That’s a question being asked today as The Globe And Mail is reporting that CSEC or the Communications Security Establishment which is the Canadian version of the NSA won’t say how long it keeps the private data of Canadians:
The federal government’s secretive electronic intelligence agency is not disclosing how long it can hold onto Canadians’ communications – even though its leaders have said that “firm” time limits are in place to protect privacy.
The strictures surrounding Communications Security Establishment Canada’s data-retention periods – including those affecting recognized “private communications” and also “metadata” – are blacked out from an operational document obtained by The Globe and Mail.
The redactions of this document are so extensive that little is revealed, beyond the latest indication that CSEC is drawing from unspecified sources within Canada.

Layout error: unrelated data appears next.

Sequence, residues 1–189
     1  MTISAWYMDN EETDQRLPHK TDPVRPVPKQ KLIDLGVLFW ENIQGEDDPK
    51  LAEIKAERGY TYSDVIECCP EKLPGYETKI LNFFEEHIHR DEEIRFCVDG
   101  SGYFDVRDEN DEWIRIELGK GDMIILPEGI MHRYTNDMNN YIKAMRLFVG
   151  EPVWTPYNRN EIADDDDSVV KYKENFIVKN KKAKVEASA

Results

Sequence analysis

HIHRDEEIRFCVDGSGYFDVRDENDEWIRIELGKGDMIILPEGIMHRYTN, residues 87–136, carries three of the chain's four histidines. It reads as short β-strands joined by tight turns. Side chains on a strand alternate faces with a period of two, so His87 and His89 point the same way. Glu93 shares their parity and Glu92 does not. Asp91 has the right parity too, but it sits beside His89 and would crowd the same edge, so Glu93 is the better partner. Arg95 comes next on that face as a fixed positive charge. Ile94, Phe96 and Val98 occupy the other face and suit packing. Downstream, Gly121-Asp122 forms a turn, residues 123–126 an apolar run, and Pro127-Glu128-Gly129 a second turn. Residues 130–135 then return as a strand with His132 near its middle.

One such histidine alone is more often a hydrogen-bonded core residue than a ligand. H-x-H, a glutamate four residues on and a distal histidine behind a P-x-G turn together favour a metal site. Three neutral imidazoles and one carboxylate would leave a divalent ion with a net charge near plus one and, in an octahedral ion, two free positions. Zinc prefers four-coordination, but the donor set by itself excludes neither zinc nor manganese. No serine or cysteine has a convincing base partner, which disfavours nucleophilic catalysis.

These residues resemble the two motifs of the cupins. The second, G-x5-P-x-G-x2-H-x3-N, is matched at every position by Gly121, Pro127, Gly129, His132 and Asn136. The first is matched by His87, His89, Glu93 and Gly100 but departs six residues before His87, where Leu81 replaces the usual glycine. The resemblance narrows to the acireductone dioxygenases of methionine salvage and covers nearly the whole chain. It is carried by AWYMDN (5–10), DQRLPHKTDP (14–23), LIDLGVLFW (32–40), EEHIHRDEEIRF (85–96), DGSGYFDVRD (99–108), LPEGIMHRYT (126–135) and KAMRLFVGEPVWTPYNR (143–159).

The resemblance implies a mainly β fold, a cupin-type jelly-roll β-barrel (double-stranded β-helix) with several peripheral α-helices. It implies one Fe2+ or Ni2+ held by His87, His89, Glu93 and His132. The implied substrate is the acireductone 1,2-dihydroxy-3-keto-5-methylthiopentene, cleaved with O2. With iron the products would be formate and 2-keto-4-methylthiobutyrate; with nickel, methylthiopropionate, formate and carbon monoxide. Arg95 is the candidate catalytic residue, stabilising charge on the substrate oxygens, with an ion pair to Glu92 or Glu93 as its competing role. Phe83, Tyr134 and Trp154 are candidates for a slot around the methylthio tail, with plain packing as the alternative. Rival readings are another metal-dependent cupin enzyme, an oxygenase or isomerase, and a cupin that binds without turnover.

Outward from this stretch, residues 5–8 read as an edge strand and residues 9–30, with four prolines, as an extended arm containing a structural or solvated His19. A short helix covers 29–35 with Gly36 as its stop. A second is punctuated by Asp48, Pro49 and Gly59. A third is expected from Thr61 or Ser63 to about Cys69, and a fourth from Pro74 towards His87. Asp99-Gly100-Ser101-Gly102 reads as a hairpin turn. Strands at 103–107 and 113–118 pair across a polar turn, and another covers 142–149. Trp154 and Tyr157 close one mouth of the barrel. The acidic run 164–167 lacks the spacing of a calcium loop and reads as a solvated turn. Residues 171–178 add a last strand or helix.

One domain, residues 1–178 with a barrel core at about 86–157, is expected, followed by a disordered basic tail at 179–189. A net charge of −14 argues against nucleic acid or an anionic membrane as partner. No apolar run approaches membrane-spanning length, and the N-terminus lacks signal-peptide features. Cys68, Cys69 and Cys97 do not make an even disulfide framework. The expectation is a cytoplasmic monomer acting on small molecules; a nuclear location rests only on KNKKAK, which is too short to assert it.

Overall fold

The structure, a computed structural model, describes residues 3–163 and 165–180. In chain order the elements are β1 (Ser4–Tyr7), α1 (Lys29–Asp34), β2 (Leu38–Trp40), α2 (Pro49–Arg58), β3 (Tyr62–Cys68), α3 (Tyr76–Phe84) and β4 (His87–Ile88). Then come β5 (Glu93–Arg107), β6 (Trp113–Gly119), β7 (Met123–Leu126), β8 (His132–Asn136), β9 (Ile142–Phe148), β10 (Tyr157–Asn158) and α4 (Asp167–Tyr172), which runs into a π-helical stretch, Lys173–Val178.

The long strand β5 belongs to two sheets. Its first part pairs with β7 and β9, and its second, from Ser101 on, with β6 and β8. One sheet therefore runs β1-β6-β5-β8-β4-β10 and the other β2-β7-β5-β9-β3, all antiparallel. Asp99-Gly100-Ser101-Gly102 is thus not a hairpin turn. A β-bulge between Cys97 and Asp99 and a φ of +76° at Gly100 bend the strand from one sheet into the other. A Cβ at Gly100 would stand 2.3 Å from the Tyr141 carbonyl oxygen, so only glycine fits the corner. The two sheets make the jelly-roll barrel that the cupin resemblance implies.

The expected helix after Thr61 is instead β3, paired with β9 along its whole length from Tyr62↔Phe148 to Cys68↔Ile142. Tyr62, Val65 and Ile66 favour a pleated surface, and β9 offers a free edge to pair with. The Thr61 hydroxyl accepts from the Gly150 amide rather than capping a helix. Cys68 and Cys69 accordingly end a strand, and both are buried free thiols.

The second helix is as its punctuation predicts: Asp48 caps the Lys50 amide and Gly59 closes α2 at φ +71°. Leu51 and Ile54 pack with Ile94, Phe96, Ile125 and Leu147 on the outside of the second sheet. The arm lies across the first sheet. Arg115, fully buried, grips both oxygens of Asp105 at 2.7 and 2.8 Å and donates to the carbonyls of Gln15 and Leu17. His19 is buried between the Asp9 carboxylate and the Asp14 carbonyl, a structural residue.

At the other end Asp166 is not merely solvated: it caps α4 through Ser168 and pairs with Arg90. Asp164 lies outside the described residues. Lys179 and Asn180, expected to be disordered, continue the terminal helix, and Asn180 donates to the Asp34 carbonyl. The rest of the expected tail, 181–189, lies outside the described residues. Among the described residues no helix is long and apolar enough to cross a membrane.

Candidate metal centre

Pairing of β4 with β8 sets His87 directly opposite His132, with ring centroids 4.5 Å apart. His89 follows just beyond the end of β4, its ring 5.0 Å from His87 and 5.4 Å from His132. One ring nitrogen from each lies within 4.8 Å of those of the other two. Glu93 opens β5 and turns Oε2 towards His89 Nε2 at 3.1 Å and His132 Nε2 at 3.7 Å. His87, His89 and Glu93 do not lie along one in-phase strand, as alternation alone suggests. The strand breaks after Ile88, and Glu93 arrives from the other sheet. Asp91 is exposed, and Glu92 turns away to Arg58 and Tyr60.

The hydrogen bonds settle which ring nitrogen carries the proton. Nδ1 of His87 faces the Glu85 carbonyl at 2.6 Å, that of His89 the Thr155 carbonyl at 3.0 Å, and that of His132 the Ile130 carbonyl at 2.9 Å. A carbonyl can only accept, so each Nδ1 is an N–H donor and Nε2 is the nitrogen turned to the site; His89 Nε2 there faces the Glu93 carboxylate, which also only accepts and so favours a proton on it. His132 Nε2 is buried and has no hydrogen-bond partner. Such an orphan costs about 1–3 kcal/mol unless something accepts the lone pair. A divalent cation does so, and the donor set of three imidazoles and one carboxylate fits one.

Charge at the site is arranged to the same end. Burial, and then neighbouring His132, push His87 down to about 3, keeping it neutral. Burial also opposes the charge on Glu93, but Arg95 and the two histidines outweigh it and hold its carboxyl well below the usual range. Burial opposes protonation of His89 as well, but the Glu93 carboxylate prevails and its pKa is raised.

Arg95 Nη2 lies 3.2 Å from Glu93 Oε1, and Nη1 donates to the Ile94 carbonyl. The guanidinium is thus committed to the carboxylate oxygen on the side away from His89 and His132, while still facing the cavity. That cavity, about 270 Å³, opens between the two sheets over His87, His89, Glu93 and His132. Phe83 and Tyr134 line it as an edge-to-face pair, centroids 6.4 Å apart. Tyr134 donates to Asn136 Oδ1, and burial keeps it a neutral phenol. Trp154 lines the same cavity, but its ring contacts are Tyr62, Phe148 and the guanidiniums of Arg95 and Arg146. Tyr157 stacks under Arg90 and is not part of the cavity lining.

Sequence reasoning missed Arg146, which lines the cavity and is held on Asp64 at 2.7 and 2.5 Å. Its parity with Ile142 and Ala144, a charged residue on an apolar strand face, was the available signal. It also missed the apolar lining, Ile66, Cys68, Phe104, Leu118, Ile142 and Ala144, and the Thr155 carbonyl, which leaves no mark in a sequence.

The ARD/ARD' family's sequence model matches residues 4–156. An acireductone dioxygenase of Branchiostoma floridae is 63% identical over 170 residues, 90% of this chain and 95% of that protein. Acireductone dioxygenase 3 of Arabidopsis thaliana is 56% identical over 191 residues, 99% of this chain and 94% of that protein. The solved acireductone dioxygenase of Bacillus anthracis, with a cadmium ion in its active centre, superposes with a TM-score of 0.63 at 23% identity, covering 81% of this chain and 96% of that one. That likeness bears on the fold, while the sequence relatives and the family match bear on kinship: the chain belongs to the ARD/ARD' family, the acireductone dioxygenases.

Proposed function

“The retention schedules outlined in these procedures deal with SIGINT [signals intelligence] data acquired from Canadian [word redacted] sources,” it says.
Basically, CSEC is saying “trust us.” The problem is that without out complete (or as complete as you’re going to get in the spy game) disclosure of what they do with this data, it’s hard to trust them. Even the NSA has limits for this sort of thing:
No specific time periods were mentioned. And the Canadian agency’s closest ally is less secretive on such matters. “Inadvertently acquired communications of or concerning a United States person may be retained no longer than five years,” reads a declassified National Security Agency document.
So, one has to wonder why CSEC hasn’t got something similar. It’s too bad that someone can’t ask them and expect a fulsome response.